MORE THAN MEETS THE EYE
With several Unesco-listed sites to its name and a huge project pipeline, there’s more to the Kingdom than Mecca, as Tarek Hammoud, offshore team manager and consultant at Hodema consulting services explains
Think holiday spots and Saudi Arabia is unlikely to spring to mind as a mustvisit destination, ticking few of the usual boxes mandatory for international tourists. For many, the country’s beaches and local dishes remain a mystery, with media coverage often focused instead on KSA’S strict dress code and alcohol ban. However, as home to Mecca, one of Islam’s most revered holy sites, Saudi Arabia offers another kind of break which makes it hugely popular across niche markets. Mecca attracts up to 2 million worshippers during the Hajj alone, with more than 15 million pilgrims flocking to the ever-expanding western city throughout the year.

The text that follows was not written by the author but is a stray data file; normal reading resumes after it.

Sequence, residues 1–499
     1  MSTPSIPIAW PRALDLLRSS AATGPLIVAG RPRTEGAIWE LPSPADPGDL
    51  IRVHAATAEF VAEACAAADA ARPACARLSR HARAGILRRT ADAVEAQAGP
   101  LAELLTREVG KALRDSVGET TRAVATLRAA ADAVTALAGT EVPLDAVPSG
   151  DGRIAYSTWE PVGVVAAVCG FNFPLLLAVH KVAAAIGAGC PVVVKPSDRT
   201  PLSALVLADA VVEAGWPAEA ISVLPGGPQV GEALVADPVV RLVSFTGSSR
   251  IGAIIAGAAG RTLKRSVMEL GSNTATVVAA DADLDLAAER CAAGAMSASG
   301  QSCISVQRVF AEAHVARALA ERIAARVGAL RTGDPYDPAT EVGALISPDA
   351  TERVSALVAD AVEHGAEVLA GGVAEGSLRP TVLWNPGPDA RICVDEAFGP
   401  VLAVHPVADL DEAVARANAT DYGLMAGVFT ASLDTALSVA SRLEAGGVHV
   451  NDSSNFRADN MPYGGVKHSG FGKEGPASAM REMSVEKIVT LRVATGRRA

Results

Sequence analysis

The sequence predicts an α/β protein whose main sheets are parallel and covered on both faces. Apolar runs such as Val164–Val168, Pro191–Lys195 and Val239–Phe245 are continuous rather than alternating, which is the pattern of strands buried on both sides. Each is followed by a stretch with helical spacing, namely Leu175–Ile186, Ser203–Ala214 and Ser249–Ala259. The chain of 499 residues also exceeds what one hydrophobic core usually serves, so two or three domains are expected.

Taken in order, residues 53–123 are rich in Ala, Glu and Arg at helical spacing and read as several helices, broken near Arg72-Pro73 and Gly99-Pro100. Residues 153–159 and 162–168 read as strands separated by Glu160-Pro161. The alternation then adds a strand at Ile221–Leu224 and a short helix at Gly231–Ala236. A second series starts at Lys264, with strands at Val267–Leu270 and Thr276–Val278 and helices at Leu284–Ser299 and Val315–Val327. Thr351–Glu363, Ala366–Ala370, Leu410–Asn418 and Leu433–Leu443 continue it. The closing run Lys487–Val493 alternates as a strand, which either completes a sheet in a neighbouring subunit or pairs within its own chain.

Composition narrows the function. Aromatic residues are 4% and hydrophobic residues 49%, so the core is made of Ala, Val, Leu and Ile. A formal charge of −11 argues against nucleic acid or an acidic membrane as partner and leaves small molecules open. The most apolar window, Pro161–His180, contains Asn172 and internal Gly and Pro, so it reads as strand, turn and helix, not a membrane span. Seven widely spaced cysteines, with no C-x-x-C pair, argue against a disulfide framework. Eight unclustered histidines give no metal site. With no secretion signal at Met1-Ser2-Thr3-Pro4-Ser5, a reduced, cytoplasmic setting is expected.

In 2016, the country welcomed 18 million visitors, with 120 million passengers passing through KSA’S airports. The travel and tourism industry contributed USD 65.2 billion to the country’s GDP in the same year, while providing 1.14 million jobs, representing 9.7 percent of total employment. This share is forecast to rise by 3.7 percent in 2017.
A projected GDP per capita of USD 5378 in 2017, up from USD 5184 last year, and a rapidly growing population, which is forecast to reach 37.6 million in 2025, are expected to benefit the Kingdom’s travel and tourism industry. In a further positive sign, investment in the sector is expected to rise by 9.8 percent in 2017, up from USD 28.6 billion in 2016, when it accounted for 14.7 percent of total investment.
Vision 2030: An ambitious strategy for the future
While KSA is recognized as one of the top destination for pilgrims, with its tourism industry mostly focused on the religious segment, the cultural niche, which remains largely untapped, has a great deal of potential.
The ancient city of Mada’in Saleh, for example, was awarded UNESCO heritage status in 2008 and has been likened to Petra in Jordan for its breathtaking historical beauty. Indeed, the country is home to many archeological and heritage sites, although few foreigners have visited these historical and natural wonders, since visas are rarely granted to international visitors other than pilgrims and tourists from the Gulf.